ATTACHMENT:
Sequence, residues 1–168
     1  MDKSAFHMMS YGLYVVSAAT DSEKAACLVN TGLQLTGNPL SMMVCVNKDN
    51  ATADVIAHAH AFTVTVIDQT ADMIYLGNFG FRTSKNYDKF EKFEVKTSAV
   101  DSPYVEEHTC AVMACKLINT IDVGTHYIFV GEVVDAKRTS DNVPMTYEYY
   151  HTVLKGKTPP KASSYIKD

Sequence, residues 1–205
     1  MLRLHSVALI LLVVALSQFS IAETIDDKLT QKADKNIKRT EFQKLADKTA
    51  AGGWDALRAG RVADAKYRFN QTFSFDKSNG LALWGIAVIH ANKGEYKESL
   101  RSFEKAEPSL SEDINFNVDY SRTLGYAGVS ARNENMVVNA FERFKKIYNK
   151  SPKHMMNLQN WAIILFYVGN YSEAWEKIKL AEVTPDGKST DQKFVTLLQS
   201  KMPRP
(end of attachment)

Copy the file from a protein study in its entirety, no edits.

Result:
Sequence, residues 1–168
     1  MDKSAFHMMS YGLYVVSAAT DSEKAACLVN TGLQLTGNPL SMMVCVNKDN
    51  ATADVIAHAH AFTVTVIDQT ADMIYLGNFG FRTSKNYDKF EKFEVKTSAV
   101  DSPYVEEHTC AVMACKLINT IDVGTHYIFV GEVVDAKRTS DNVPMTYEYY
   151  HTVLKGKTPP KASSYIKD

Sequence, residues 1–205
     1  MLRLHSVALI LLVVALSQFS IAETIDDKLT QKADKNIKRT EFQKLADKTA
    51  AGGWDALRAG RVADAKYRFN QTFSFDKSNG LALWGIAVIH ANKGEYKESL
   101  RSFEKAEPSL SEDINFNVDY SRTLGYAGVS ARNENMVVNA FERFKKIYNK
   151  SPKHMMNLQN WAIILFYVGN YSEAWEKIKL AEVTPDGKST DQKFVTLLQS
   201  KMPRP